Federal Fair Debt Collection Liability for Violation of State Licensing Laws

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On February 23, 2011, the United States District Court for the District of Maryland followed the United States Court of Appeals for the Eleventh Circuit in holding that a debt collection company could incur liability under the federal Fair Debt Collection Practices Act for failing to obtain a debt collection license required under state law.

In the Maryland case, defendant Hilco Receivables had failed to obtain a license for debt collection under the Maryland Collection Agency Licensing Act but nevertheless impermissibly filed actions in the Maryland state courts to collect consumer accounts purchased by Hilco after the accounts went into default.1 The Eleventh Circuit, in LeBlanc v. Unifund CCR Partners, had previously held that a debt collection firm’s similar violation of a Florida licensing statute could support a cause of action under the FDCPA.2

One of the defendants Hilco sued in Maryland was Wayne Bradshaw, who responded by filing the subject class action on behalf of all Maryland consumer debtors who had been contacted by Hilco in the three years prior to the Bradshaw complaint.3 Bradshaw contended on behalf of the class that, by filing suit against Maryland debtors, Hilco acted as a “collection agency” without obtaining the required license in Maryland, thereby violating both Maryland and federal law.4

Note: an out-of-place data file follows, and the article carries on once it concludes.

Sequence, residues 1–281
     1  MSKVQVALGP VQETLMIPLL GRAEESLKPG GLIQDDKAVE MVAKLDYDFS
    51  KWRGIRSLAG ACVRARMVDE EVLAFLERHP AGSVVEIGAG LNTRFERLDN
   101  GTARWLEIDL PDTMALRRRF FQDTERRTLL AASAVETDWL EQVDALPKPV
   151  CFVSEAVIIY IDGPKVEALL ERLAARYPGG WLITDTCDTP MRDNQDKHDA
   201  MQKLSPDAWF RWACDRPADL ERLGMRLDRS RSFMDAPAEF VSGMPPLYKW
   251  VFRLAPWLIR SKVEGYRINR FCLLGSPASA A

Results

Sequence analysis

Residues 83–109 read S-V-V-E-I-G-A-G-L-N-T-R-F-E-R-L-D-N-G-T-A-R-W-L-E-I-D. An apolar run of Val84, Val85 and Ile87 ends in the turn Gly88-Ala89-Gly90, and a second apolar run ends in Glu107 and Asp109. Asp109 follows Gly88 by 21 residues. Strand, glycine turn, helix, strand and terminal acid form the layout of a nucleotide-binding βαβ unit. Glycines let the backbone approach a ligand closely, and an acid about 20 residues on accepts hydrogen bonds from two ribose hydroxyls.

The Maryland District Court agreed, granting summary judgment to the plaintiffs and awarding statutory damages. Even though the Maryland licensing statute does not give rise to a private right of action, the Bradshaw court reasoned, its violation could serve as the basis for a federal cause of action under the FDCPA, which does allow for the recovery of damages by private parties.5

The interplay between the FDCPA and the Maryland licensing law was critical to the Bradshaw decision. The federal Act prohibits the use of any “false, deceptive, or misleading representation or means in connection with the collection of any debt.”6 The statutory language includes a non-exhaustive list of conduct that violates the FDCPA, including “[t]he threat to take any action that cannot legally be taken.”7

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